Writer Mary DeTurris Poust unloads:
One of the reasons I cried while reading Pope Francis’ stunning and inspiring interview with America magazine last week was because I have been starving for what he’s calling the Church to be. I have been desperate for a shepherd, for someone who wants to meet me in my darkness and walk with me spiritually, for someone who gets up there and tries to meet people where they are – in the real world, struggling with real problems, in a way that actually has some meaning in their lives. That maybe the music lifts us up instead of leaving us shaking our heads. That something, anything, give off even the faintest whiff of meaningful spirituality.
You get a Gospel like we had this Sunday – “No one can serve two masters…You cannot serve both God and money.” – and you choose to drone on for 20 minutes about temperance and prudence and fortitude and justice in a disjointed, monotone, utterly incomprehensible way? I’m sorry, but you’re going to have to do better than that. I look around and see the blank stares, the fidgeting, the eye-rolling (at least in my pew), and it depresses me. It’s not that people are unwilling to listen or that they don’t want to be there. They’re in the church on a beautiful fall Saturday afternoon or early on a Sunday morning. Obviously they want SOMETHING, but it’s not this. I can assure you.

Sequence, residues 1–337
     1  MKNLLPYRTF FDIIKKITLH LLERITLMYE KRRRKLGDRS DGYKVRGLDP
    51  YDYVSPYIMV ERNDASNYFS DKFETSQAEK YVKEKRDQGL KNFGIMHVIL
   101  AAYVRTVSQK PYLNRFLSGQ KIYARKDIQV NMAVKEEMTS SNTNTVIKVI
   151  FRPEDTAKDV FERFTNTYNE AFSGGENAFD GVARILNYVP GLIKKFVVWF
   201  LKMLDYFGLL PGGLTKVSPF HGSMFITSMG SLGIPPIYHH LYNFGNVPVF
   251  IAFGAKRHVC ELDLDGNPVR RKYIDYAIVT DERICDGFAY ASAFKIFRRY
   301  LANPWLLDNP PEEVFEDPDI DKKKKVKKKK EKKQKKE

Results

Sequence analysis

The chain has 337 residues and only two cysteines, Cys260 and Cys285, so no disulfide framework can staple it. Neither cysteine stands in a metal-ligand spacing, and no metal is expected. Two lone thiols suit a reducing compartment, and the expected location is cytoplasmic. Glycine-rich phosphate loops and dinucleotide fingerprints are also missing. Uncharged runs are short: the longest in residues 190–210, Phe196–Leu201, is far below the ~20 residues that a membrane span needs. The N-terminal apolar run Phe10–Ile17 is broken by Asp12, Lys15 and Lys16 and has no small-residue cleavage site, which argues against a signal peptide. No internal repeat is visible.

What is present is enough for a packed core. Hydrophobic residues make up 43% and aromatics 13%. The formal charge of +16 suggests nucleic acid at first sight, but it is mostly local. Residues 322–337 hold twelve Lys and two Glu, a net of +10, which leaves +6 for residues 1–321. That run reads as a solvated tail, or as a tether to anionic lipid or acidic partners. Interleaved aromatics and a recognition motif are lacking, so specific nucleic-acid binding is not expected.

I walked out of Mass last night and looked at Dennis and said, “I can’t do this anymore.” Meaning, I cannot put up with parishes that do not even attempt to lead spiritually, that do not care what their people need, only, it seems, what might take the least amount of effort, like using an old canned homily (and, yes, we can tell). The path of least resistance. Well, I say it’s about time we start putting up some resistance.
Read it all. What she is calling for is nothing less than, in her own words, a “revolution.”
She speaks for many frustrated Catholics, hungry to be fed, but still leaving Mass famished.
UPDATE: Rod Dreher comments:
What startled me about this first was the name of the author. Mary DeTurris Poust is a prolific Catholic writer, and the wife of Dennis Poust, the communications director of the New York State Catholic Conference, the public policy arm of the state’s bishops. The Pousts are deeply engaged in the life of the Catholic Church. On her Facebook page, MDT continues:
My great concern is that if someone like me who has been a lifelong Catholic and has worked for the Church for almost 30 years is getting disheartened, what does it mean for the people who wander in hoping to return, what about the people with no catechesis who are just hoping for something to keep them grounded? What is there for them? I know my faith. I know my God. I’m not worried about that. I’m worried about my Church.